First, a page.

How High Heels Made It Into Menswear

March 2017Words by Mr Alfred Tong

What do the rock star, cowboy, king, politician and soldier have in common? They have, for very different reasons, all been known to wear high(er) heels. And if Balenciaga, Gucci, Acne Studios and Saint Laurent have their way this spring, you, too, might be standing in front of a mirror wondering, “Can I? Should I?”

Let’s start by saying that the idea of heels for men is not a complete bolt out of the blue. On the contrary, stacked footwear has plenty of historical precedent. For the cowboys and cavalrymen of yesteryear, heeled boots and stirrups were needed for maintaining balance on the back of a horse, and so they became synonymous with masculinity. In the 17th century, King Charles I wore heels to compensate for his short and physically weak 5ft 3in frame. But where he led, other nobleman followed, and so high heels became associated with class, power and decadence during his reign.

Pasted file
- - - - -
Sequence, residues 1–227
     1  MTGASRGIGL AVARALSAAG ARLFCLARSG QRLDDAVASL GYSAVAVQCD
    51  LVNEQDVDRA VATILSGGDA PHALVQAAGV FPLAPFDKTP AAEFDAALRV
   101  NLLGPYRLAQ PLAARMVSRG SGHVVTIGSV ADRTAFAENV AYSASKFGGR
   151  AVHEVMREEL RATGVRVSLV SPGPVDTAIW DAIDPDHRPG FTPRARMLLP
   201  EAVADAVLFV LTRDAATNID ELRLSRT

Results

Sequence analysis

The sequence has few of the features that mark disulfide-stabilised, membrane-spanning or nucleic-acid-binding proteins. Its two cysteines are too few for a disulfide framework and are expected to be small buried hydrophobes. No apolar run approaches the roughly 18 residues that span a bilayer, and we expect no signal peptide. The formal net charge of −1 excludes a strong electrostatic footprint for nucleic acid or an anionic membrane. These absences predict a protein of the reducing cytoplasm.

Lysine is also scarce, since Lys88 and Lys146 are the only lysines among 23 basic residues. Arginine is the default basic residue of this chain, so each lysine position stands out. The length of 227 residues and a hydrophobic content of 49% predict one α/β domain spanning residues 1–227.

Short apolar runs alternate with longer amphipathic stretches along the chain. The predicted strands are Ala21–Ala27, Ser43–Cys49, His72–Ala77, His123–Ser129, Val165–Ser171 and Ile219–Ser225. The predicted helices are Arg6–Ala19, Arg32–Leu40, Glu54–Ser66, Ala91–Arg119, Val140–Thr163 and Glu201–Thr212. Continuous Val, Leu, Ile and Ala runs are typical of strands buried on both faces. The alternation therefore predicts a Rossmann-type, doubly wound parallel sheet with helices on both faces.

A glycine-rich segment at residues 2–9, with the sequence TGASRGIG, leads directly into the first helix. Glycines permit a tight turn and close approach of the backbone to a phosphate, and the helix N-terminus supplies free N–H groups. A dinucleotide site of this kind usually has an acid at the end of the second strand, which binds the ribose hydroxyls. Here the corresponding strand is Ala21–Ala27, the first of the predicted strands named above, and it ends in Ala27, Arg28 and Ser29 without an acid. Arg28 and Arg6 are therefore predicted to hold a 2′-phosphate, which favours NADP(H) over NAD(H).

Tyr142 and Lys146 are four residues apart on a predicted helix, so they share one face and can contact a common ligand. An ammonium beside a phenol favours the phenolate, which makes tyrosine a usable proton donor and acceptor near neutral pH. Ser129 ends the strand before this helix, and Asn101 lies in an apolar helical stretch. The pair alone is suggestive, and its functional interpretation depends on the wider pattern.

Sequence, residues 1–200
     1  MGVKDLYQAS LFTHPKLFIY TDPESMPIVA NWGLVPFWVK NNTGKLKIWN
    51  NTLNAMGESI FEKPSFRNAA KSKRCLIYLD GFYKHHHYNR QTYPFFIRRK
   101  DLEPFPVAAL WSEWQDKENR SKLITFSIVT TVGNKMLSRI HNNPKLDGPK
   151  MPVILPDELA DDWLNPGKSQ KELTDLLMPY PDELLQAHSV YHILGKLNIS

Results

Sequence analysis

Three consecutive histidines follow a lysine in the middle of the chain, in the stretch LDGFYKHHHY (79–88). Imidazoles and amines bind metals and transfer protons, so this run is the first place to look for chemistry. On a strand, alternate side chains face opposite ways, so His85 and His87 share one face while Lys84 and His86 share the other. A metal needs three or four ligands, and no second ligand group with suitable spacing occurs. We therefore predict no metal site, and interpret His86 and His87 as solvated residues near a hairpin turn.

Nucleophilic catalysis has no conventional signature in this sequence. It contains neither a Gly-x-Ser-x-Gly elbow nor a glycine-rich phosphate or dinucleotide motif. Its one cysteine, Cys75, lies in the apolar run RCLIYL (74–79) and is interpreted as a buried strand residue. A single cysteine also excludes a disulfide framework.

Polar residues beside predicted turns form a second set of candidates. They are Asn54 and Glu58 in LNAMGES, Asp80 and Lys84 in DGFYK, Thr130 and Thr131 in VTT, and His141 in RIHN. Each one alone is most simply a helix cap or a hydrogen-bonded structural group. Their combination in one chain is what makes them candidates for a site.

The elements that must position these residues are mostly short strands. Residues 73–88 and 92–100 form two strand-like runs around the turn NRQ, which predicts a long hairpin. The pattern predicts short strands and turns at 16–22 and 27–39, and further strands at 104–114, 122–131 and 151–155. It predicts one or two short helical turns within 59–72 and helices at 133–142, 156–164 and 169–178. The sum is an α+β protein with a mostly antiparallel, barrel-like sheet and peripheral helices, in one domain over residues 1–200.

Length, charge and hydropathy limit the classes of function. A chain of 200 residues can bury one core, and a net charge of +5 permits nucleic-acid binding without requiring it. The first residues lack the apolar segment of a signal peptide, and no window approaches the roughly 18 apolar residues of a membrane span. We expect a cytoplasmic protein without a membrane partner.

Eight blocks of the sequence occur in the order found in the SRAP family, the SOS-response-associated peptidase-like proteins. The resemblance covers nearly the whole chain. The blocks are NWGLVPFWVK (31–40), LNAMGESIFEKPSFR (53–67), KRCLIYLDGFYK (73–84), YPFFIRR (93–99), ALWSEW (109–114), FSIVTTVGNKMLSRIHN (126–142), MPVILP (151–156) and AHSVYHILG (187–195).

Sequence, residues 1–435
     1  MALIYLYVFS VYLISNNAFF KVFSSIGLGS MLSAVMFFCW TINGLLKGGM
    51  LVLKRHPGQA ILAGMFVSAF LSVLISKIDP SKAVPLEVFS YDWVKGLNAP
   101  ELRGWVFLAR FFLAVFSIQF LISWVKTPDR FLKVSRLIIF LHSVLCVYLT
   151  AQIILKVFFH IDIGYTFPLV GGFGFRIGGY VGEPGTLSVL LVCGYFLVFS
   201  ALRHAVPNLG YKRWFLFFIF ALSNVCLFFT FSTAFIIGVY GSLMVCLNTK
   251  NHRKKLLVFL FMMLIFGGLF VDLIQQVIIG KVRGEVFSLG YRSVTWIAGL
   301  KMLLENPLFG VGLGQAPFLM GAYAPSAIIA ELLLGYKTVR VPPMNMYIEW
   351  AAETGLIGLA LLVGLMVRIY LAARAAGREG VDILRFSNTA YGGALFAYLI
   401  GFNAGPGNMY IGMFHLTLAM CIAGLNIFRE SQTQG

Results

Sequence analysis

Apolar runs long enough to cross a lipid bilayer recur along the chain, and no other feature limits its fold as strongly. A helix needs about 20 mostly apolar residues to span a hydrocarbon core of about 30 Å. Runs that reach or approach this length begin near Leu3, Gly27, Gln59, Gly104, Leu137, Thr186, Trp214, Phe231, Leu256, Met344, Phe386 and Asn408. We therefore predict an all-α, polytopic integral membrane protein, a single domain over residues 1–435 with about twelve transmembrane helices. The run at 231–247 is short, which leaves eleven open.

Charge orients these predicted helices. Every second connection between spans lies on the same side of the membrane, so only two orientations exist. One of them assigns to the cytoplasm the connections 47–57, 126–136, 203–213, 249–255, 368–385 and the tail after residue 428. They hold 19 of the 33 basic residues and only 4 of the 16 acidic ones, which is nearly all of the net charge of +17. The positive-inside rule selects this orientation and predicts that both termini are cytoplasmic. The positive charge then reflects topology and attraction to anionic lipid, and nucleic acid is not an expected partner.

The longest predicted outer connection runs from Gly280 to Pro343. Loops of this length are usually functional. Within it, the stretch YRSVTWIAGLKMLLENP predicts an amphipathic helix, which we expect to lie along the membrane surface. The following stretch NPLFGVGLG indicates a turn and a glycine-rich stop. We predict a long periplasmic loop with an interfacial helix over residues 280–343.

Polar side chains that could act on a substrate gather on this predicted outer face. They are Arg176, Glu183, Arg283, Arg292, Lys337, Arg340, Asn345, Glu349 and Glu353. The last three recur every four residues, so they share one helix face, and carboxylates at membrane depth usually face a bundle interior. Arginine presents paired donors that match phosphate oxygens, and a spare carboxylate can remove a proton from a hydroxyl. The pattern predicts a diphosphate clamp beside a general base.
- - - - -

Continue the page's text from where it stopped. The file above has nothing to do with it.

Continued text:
In the 20th century, you had rock stars from The Beatles through to Mr David Bowie, the New York Dolls and Prince wearing heeled shoes and boots as gender-bending provocation. And in 2017, it’s being taken further. Balenciaga is doing platform disco boots as a deliberately awkward non-sequitur within its skewed tailoring. Gucci is resurrecting the 1970s, and bringing flamboyant, glam rock-inspired footwear back in the process. Acne Studios’ Iggy boot (presumably named after Mr Iggy Pop), channels the sleazy glamour of New York’s downtown punk scene of the 1970s.